For more information
on the National Alumni
Board or opportunities to
give back - including
scholarships - contact
Reggie Bustinza at
815.836.7542.

Do you have great stories to tell from your time at Lewis University? Who was that one professor pushing you to do your best? How did Lewis University help shape your future?

We'd love for you to share your story with us, and you might be featured on the website or in print! If you would also like to submit a photo with your story, you can email it to alumni@lewisu.edu.

Also, read more news about alumni here!

 

"Alumni should come back to contribute to the university. We should come back to Lewis and help with the progression, to help increase alumni support and funding so the university can grow. Lewis provides a high quality education and I want to be a part of continuing that excellence."

Tess McKenzie-Ousley ’91 was an active part of the Lewis community during her time at the University - the only college at which she applied. From the beginning of her college career, Tess enjoyed the small class sizes and the opportunity to work closely with professors.

Believing in the quality of education Lewis provides, Tess began a journey to support the University she came to know and love through both service on the Lewis University Alumni Association Board, as well as supporting a scholarship for students.

“I was raised by my grandparents, Mr. Willie and Mrs. Nolan McKenzie. They instilled in me faith, family and education. I was so impressed when I came back to Lewis University. There are so many changes, all of them positive! It made me so proud to be an alumna of the school - so proud. Just coming back and seeing the vision of Brother James Gaffney and the expansion was incredible.”

Tess grew up attending Catholic schools including Holy Family Grammar School and Unity Catholic High School, which further fueled her interest in Lewis University. She earned her undergrad degree in English and became a high school English teacher upon graduation in 1991. She stayed in the school system  until 2003, during which time she married, had a baby, and went back to school to receive her master’s degree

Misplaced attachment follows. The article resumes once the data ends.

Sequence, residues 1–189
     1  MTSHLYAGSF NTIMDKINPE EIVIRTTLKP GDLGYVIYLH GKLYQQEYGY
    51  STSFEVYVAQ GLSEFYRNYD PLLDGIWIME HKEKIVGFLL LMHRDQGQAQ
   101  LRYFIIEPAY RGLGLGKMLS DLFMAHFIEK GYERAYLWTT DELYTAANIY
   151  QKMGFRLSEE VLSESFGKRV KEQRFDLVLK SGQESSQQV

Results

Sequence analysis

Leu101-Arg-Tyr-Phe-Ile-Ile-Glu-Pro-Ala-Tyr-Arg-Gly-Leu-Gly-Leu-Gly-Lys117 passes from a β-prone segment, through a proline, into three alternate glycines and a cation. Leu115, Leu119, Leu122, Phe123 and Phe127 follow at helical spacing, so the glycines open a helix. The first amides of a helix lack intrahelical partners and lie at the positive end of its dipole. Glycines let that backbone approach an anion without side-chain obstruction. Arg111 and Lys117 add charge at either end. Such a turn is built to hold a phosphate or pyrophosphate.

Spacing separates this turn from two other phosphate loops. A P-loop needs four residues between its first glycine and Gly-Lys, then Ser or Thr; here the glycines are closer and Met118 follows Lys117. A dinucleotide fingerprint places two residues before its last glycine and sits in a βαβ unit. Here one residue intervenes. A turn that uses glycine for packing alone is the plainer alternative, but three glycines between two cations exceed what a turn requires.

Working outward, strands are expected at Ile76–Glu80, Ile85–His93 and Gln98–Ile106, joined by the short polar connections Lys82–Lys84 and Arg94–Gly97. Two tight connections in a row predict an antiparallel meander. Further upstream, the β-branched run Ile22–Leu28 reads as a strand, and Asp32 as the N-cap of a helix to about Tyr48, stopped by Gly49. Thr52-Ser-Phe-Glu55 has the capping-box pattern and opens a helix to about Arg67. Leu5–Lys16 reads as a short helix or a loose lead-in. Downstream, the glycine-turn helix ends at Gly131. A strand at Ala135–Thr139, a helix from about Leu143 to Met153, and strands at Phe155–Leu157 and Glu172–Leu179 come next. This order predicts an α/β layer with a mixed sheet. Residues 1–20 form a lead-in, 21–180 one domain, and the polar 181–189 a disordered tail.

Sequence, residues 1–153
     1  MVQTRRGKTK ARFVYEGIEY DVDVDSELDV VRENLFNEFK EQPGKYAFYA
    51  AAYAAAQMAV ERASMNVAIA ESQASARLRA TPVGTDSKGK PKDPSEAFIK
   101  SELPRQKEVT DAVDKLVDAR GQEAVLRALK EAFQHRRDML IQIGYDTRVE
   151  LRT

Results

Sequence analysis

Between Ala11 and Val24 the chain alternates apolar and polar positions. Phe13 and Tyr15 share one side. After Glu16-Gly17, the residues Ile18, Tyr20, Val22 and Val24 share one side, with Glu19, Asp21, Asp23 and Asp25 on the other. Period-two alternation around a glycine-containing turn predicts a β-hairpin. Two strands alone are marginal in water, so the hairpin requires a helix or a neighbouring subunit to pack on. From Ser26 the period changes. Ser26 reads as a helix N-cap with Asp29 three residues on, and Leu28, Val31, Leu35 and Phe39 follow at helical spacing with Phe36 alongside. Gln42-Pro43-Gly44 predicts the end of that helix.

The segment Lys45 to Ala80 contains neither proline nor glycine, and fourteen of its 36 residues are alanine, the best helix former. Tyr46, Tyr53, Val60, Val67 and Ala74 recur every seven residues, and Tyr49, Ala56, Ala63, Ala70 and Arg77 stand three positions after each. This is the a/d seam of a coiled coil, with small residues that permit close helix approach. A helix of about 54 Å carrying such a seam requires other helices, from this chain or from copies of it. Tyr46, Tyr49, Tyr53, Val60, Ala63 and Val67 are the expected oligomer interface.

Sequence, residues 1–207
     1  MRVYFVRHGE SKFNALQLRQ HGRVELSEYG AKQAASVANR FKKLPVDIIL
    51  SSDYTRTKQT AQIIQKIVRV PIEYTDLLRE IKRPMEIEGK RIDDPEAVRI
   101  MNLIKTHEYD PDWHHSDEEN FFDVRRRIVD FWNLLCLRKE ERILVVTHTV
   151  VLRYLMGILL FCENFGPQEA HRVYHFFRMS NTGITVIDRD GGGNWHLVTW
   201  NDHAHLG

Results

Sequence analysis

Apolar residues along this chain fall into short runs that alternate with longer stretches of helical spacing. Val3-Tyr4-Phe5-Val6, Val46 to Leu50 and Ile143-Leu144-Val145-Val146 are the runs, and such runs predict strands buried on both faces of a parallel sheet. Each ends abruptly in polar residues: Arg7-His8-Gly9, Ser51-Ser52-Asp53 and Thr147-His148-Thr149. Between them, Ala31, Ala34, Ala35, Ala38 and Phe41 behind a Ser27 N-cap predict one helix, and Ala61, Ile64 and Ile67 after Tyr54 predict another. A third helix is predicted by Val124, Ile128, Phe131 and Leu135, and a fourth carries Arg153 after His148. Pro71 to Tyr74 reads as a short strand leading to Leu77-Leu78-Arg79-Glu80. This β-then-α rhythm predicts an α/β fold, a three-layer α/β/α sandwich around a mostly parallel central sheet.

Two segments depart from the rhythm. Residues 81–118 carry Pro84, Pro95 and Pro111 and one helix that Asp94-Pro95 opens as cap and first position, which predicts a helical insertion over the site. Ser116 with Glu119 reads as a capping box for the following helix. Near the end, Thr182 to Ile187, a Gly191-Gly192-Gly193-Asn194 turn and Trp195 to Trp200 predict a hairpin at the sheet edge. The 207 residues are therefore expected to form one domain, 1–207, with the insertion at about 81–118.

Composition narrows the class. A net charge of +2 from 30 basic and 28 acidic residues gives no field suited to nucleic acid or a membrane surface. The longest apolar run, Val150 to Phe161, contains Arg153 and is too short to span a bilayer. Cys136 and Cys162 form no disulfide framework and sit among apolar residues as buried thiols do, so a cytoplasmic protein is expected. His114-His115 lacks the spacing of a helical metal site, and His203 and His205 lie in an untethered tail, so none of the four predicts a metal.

in Education. A member of the Black Student Union Choir, Alpha Kappa Alpha Sorority, Greek Council, and Student Government, she strove to not only make a difference at Lewis, but in the community as well. She credits her education at Lewis with providing her the knowledge and drive to start her own business.

“With a small child, I had new decisions to make. What I was looking for in child care, I simply couldn’t afford on a teacher’s salary. My affordable options did not provide quality care for me, so I started my own early learning program. It started with a daycare in a little house in Chicago, working with neighborhood children, providing quality daycare for those parents who could not afford the big franchise centers. After five years, we mastered a curriculum and found some property, opening our first official facility in 2003. In 2008 we expanded again, followed by another expansion in 2011. It felt amazing to be able to offer high quality child care for children at a high risk for failure due to poverty and other risk factors."

This year, her daycare was the only daycare brought into The Prevention Initiative Program. This program is part of Chicago: Ready To Learn, a prevention initiative program for children age birth to three who are at risk for failure for many reasons. The centers work with kids and their families, even going to their homes, to help them with parenting strategies and skills that will enable a more positive outcome for the children.

While Brianna’s entrance into college gave Tess an initial reason to become involved again, she says there were other factors at play in her decision. Along with her husband, Pastor Craig L. Ousley, she finds value in paving a path for excellent education for future generations like their youngest daughter, Sahan.

“I saw a news story on financial aid and how universities were going to suffer because financial aid wouldn’t come through,” she says. “The story commented that a Chicago university didn’t have that problem because of their high rate of alumni contribution. That really struck a chord with me. Alumni should come back to contribute to the University and help with the progression of both the programs and the campus. We need to increase alumni support and funding so the University can continue the amazing growth we’ve already seen in the last decade. Lewis provides a high quality education and I want to be a part of continuing that excellence. We all have something to give – we just have to step up and do it.” 

 

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